Despite predictions that much of the region could be at risk for flooding from Hurricane Nicholas, Fort Bend County officials awoke Tuesday morning to find the worst effects so far were widespread power outages.
More than 450,000 customers across the Houston region had power outages as of about 9:15 a.m., according to Centerpoint Energy’s outage tracker. While strong gusts of wind throughout the night knocked out power across the region, the county’s ditches, bayous and rivers largely didn’t rise much, according to Fort Bend County officials.
“Thank God, we could give this good report this morning,” County Judge KP George said Tuesday morning at a press conference. “And thank you to the residents who stayed back and did not create chaos on the roadways.”
Nicholas made landfall as a Category 1 hurricane just after 1 a.m. Tuesday in Matagorda County. The storm then continued to inch along the Texas coast, largely bringing with it strong wind gusts and steady rain.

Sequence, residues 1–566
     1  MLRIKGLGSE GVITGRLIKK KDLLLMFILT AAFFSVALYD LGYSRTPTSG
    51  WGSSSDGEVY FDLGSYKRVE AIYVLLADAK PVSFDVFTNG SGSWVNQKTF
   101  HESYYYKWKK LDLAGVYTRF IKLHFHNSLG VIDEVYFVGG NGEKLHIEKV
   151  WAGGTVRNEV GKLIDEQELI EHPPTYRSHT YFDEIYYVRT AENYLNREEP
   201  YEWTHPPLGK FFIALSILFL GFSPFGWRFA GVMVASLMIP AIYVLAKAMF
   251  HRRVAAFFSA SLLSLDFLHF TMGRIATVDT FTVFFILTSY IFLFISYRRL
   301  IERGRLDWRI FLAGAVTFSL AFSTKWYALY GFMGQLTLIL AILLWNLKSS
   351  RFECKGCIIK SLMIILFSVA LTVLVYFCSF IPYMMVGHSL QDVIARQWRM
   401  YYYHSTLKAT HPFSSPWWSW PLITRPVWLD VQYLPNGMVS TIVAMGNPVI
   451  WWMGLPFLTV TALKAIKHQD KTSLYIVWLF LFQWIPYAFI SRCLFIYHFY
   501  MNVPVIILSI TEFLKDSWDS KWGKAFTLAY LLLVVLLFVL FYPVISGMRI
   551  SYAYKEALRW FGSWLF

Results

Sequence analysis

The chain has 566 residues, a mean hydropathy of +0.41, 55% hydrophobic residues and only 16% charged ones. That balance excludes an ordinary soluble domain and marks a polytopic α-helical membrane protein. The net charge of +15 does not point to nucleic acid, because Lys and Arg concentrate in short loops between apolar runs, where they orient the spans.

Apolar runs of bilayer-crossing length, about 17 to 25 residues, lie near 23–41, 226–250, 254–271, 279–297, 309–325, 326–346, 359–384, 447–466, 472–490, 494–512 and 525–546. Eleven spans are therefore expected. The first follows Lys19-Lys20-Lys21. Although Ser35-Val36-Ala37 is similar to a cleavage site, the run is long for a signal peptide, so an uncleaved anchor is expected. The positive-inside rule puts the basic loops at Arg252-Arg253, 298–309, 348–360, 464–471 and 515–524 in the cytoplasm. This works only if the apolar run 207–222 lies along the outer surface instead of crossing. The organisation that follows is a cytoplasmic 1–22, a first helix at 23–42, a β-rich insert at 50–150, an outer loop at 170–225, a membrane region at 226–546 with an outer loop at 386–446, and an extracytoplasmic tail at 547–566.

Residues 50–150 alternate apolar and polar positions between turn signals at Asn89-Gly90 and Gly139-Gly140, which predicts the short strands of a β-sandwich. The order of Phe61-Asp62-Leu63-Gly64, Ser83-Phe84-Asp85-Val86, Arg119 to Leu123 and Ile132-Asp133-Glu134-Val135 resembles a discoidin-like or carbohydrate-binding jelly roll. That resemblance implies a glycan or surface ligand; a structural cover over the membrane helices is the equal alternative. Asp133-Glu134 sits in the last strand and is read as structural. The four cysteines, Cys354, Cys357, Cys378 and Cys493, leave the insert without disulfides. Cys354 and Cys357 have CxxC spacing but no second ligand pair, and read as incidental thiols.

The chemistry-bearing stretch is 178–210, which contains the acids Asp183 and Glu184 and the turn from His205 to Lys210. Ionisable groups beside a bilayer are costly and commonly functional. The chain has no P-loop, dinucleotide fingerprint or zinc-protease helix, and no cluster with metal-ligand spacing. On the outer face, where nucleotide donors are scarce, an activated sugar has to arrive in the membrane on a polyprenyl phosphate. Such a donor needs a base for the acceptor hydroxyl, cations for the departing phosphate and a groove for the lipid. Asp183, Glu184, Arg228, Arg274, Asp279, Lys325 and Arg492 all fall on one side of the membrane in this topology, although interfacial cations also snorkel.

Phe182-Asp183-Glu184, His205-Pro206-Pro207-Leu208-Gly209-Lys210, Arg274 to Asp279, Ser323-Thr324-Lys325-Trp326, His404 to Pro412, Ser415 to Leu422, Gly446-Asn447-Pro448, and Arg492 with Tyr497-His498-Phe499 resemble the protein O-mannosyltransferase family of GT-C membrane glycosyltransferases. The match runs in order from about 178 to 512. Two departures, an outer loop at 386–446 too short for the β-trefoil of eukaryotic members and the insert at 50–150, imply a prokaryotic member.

Residents in Fort Bend County awoke Tuesday morning to leaves and other foliage scattered across the roadways, and many had lost power, according to the outage tracker. Wind gusts of 51 mph were reported near Sugar Land, according to Space City Weather.
“We are blessed it didn’t hit as hard as we thought,” Sheriff Eric Fagan said.
County officials on Tuesday declined to give a specific number for how many residents were still without power, arguing it was a fluctuating number, and they hoped power would be restored to most residents sooner rather than later.
Both Stafford MSD and Fort Bend ISD didn’t hold classes Tuesday, because they closed ahead of time amid reports that Nicholas could bring flooding to the region through Tuesday and into Wednesday.
Some forecasts called for between 8 and 16 inches of rain in total, with maximum amounts of 20 inches in some places.
But the rain was not as severe as predicted, and local creeks, streams and bayous handled the flow well, according to the Fort Bend County Drainage District. Forecasters now predict another inch of rain to fall through the rest of the week – an amount the creeks should be capable of handling, according to the district.